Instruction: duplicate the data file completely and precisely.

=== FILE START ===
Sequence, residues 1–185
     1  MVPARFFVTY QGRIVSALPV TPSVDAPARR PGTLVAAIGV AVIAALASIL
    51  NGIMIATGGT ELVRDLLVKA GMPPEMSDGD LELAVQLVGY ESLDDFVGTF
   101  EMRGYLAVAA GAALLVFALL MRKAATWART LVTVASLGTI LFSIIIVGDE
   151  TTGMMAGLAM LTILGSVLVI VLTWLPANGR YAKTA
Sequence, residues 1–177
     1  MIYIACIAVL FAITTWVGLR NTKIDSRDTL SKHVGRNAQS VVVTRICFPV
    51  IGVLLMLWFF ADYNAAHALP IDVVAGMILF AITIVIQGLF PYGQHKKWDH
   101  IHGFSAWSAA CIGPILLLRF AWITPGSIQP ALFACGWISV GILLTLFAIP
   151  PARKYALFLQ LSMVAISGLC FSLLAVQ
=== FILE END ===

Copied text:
Sequence, residues 1–185
     1  MVPARFFVTY QGRIVSALPV TPSVDAPARR PGTLVAAIGV AVIAALASIL
    51  NGIMIATGGT ELVRDLLVKA GMPPEMSDGD LELAVQLVGY ESLDDFVGTF
   101  EMRGYLAVAA GAALLVFALL MRKAATWART LVTVASLGTI LFSIIIVGDE
   151  TTGMMAGLAM LTILGSVLVI VLTWLPANGR YAKTA
Sequence, residues 1–177
     1  MIYIACIAVL FAITTWVGLR NTKIDSRDTL SKHVGRNAQS VVVTRICFPV
    51  IGVLLMLWFF ADYNAAHALP IDVVAGMILF AITIVIQGLF PYGQHKKWDH
   101  IHGFSAWSAA CIGPILLLRF AWITPGSIQP ALFACGWISV GILLTLFAIP
   151  PARKYALFLQ LSMVAISGLC FSLLAVQ